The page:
Tuesday, March 18, 2008

Remarks of Senator Barack Obama

“We the people, in order to form a more perfect union.”Two hundred and twenty one years ago, in a hall that still stands across the street, a group of men gathered and, with these simple words, launched America’s improbable experiment in democracy. Farmers and scholars; statesmen and patriots who had traveled across an ocean to escape tyranny and persecution finally made real their declaration of independence at a Philadelphia convention that lasted through the spring of 1787.

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2 comments:

Harold said...

Obama made an historic speech, and as Norman Markowitz said elsewhere, it was a speech that could not, would not have been made by any other candidate. I understand why he had to distance himself from Rev. Wright, but to be honest, Rev. Wright was right about a good many things. While it's unlikely that the US government created AIDS to destroy the black population, this does not take away from the things that Wright was right about.

Rev. Jeremiah Wright essentially said that America itself was to blame for the attacks of 9/11, and that racism is an endemic problem across our country.

What I have hard time wrapping my mind around is the fact that this is somehow still controversial. 9/11/2001 was more than 6 and half years ago, and somehow the fact that our government’s policies and actions in the Middle East are in fact to blame for the brutal al-Qaeda attacks of 9/11/2001 is still controversial. The U.S. government’s overtly racist response to Hurricane Katrina ravaging the blacks of the Gulf Coast was less than 3 years ago, and somehow this is still controversial?

Let me take this opportunity to state one thing quite clearly. Most of Rev. Wright’s comments regarding 9/11/2001 and racism in America are not controversial – because they are absolutely correct. This is not even something that should be up for debate, because the material evidence, which is of the utmost importance to Marxists, bares out what Rev. Wright said.

Had our government not relished in the facts that the blacks of the Gulf Coast were bruised, battered and beaten down by the catastrophe of Hurricane Katrina, racism would still be an issue. Had the government not done everything in its power to practically ensure that New Orleans would be destroyed, racism would still be an issue. Had “old-fashioned justice” not been enacted in Jena, Louisiana, racism would still be an issue. Why? Because centuries of slavery and oppression are not forgiven overnight, especially when the race war is still going on underneath the pretty white surface that the media paints for us to see.

Had our government not turned the Middle East into a virtual U.S. military base, al-Qaeda would likely not exist. Had our government not economically, politically and militarily backed every single Israeli atrocity against Arabs, al-Qaeda would likely not exist. Had our government treated people of the Middle East with respect and dignity, instead of regarding them as pawns to be used in its own game of resource-grabbing, al-Qaeda would likely not exist. Had our government respected the sovereignty of third world nations and not beaten them down with economic and military domination, al-Qaeda would likely not exist. Had the U.S. government not built an empire seeking to encompass the entire planet, al-Qaeda would likely not exist.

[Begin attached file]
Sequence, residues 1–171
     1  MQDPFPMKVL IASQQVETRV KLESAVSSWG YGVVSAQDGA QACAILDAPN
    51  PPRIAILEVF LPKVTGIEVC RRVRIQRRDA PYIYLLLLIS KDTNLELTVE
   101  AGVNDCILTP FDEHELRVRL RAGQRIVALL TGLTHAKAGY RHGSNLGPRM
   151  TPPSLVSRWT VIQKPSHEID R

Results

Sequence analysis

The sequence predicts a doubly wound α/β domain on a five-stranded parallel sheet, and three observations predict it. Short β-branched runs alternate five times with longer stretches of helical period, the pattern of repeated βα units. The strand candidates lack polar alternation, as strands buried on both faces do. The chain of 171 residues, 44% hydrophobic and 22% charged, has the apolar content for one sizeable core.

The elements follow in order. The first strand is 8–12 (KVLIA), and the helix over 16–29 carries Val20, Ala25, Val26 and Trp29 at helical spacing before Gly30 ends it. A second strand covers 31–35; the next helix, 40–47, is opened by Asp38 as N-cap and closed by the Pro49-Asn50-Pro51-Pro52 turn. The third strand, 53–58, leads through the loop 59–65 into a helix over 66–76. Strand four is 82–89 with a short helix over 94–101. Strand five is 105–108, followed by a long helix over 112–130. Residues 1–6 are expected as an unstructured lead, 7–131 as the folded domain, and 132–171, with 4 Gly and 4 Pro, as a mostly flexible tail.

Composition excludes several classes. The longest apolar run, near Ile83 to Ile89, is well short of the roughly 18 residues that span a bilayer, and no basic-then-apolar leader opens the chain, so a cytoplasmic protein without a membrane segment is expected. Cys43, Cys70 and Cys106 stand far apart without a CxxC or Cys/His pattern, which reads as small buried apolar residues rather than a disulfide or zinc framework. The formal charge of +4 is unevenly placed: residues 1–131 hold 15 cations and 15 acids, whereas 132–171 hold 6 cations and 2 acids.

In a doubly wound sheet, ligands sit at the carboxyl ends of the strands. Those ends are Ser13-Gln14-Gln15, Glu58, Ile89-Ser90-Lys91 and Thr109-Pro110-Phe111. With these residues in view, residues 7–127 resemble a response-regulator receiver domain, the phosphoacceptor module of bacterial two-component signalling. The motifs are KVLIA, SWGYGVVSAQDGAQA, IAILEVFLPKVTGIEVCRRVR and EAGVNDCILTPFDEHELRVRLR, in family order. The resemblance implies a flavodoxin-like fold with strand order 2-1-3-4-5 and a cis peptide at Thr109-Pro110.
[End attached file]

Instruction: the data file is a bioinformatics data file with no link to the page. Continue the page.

Make no mistake – the 9/11/2001 attacks were atrocious, and to be condemned. But in light of decades of U.S. terrorism and aggression against the peoples of the Middle East and every other oppressed part of the planet, they are easy to understand and to be expected. Much in the same way that Iran would be logically insane to not at least be looking into building a nuclear bomb as a deterrent to U.S. threats of aggression, militant Muslims and Arabs in the Middle East would be insane to not be taking some sort of violent action to resist the U.S.’s imperialist hegemony. People can only take so much brutality; were I a citizen of the Middle East that had watched as the U.S. turned my world into a theatre of imperialism, I might have strapped the bomb to my chest as well.

Call this "infanitle leftism" if you like, but there is nothing infantile about the truth.

If Rev. Wright's comments were divisive, it's because most people won't or don't want to accept the truth. In that respect, it's quite unfortunate. And there are those that say his comments were not in the spirit of "unity," and they are right, but any unity would be forced if we can't unite around what is true and factual.

I won't defend everything he said, but we can't dismiss Rev. Wright simply because he was provocative.

the Jaded Prole said...

You and the Rev. are right. The attacks of September 11 might be rightfully called Reagan's Legacy. Bin Laden and his henchmen were trained by the CIA to fight the USSR in Afghanistan. Bin Laden's gripe has been US support for the Ibn Saud dictatorship in Saudi Arabia where most of the attackers were from and our meddling in Middle Eastern Affairs. The attack itself (which was known about to some extent in advance and used as a Reichstag Fire) was indeed "blowback" in its purest form. While such acts of terror are to be condemned, the terror inflicted by the Bush administration is far greater and can only result in the creation of more people who have reason to act against us. Only by honestly admitting our crimes and bringing our own terrorist leadership to justice can we begin to break this cycle.